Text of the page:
Shalom! My name is Yonatan and I’m one of the eight 2018-19 Baltimore Shinshinim. During my high school I had participated in different programs that collaborated with Jews in the Diaspora. While I was participating in the programs, I was exposed to the Shinshin Program and even met some Shinshinim across the USA. Right away I knew I wanted to be part of it too!

The Shinshin experience was amazing. Living here in the Jewish community is so unique. Even though I wasn’t born here I felt part of the community so quickly thanks to everybody’s warmth. I created so many unforgettable moments here. From making new friends, hanging out with my host families, playing and engaging with kids, having dinners with families and preparing programs about Israel.  All these moments made my year so meaningful and satisfying.  I feel that I grew up during the past year. Along with the independence from home we got here I learned so many new things about myself, Israel, my friends, American culture and Judaism.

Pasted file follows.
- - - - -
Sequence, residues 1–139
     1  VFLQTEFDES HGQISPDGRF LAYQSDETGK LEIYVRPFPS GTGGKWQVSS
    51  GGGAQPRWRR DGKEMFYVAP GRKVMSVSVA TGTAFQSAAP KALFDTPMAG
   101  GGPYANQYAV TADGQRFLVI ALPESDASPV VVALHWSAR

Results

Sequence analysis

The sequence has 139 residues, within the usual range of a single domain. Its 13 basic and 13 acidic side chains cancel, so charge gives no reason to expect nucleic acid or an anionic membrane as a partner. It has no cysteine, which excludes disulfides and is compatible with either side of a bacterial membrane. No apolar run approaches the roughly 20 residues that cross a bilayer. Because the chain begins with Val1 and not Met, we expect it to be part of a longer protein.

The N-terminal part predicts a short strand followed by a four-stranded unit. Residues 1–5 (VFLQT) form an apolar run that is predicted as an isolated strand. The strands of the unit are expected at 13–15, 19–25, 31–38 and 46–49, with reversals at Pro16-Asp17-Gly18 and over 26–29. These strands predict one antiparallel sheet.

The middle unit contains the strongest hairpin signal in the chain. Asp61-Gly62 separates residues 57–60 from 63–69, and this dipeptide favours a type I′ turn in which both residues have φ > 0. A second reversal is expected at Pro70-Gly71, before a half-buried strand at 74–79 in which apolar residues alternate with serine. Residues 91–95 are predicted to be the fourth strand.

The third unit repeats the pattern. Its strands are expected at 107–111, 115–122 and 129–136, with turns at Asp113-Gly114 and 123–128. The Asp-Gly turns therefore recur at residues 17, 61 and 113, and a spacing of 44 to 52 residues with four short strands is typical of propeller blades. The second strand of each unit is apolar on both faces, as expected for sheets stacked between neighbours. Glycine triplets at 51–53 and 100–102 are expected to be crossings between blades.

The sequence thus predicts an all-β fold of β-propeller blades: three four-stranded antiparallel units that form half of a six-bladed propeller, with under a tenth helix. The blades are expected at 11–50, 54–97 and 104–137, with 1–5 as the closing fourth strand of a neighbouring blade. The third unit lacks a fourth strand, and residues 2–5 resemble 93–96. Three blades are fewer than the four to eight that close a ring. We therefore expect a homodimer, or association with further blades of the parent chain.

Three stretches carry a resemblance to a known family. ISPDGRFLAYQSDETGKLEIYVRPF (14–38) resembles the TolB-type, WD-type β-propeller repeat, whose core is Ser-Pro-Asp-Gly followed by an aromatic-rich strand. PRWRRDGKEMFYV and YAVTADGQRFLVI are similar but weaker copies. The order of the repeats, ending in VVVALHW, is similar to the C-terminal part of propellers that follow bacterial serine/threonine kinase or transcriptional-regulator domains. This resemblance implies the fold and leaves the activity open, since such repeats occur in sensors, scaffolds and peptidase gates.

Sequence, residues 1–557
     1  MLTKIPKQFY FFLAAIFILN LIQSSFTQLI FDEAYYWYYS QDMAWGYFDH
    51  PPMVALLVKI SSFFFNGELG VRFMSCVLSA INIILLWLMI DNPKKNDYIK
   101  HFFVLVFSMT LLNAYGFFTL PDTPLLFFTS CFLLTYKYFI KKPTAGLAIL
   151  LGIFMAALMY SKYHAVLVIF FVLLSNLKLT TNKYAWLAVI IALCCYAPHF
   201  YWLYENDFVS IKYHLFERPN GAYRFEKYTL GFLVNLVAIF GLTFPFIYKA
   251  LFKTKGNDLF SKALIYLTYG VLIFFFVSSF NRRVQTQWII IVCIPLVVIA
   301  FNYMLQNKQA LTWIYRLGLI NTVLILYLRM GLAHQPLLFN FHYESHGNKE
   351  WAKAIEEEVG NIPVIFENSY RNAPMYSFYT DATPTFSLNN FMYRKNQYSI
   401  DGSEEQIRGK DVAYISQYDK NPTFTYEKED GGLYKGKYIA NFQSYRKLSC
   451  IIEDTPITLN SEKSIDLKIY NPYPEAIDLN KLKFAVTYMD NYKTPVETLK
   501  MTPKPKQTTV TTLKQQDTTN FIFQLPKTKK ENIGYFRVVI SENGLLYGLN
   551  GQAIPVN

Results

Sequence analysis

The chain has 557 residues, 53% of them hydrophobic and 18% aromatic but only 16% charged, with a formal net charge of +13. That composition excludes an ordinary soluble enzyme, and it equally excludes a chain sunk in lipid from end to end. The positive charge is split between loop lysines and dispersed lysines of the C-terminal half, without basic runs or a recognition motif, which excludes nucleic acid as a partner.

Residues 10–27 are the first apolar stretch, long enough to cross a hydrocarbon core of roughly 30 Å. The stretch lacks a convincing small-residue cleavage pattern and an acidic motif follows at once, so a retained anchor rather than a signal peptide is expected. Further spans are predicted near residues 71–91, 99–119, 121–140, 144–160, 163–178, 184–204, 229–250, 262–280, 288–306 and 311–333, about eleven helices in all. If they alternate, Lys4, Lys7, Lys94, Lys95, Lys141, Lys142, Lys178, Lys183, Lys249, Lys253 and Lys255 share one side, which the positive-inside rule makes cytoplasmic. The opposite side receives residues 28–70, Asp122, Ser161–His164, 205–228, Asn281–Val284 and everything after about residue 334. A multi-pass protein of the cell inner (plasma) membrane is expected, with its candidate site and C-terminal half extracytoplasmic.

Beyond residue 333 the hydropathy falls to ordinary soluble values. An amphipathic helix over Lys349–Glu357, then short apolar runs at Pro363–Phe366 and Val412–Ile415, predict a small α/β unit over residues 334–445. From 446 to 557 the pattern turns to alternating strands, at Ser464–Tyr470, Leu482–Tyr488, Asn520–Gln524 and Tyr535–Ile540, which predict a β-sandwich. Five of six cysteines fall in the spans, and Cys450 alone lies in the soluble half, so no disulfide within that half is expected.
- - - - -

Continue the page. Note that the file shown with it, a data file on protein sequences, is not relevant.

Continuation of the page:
I am so grateful that I got the opportunity to go on a Shinshin journey. This amazing experience will stay with me for the rest of my life. Thank you Baltimore!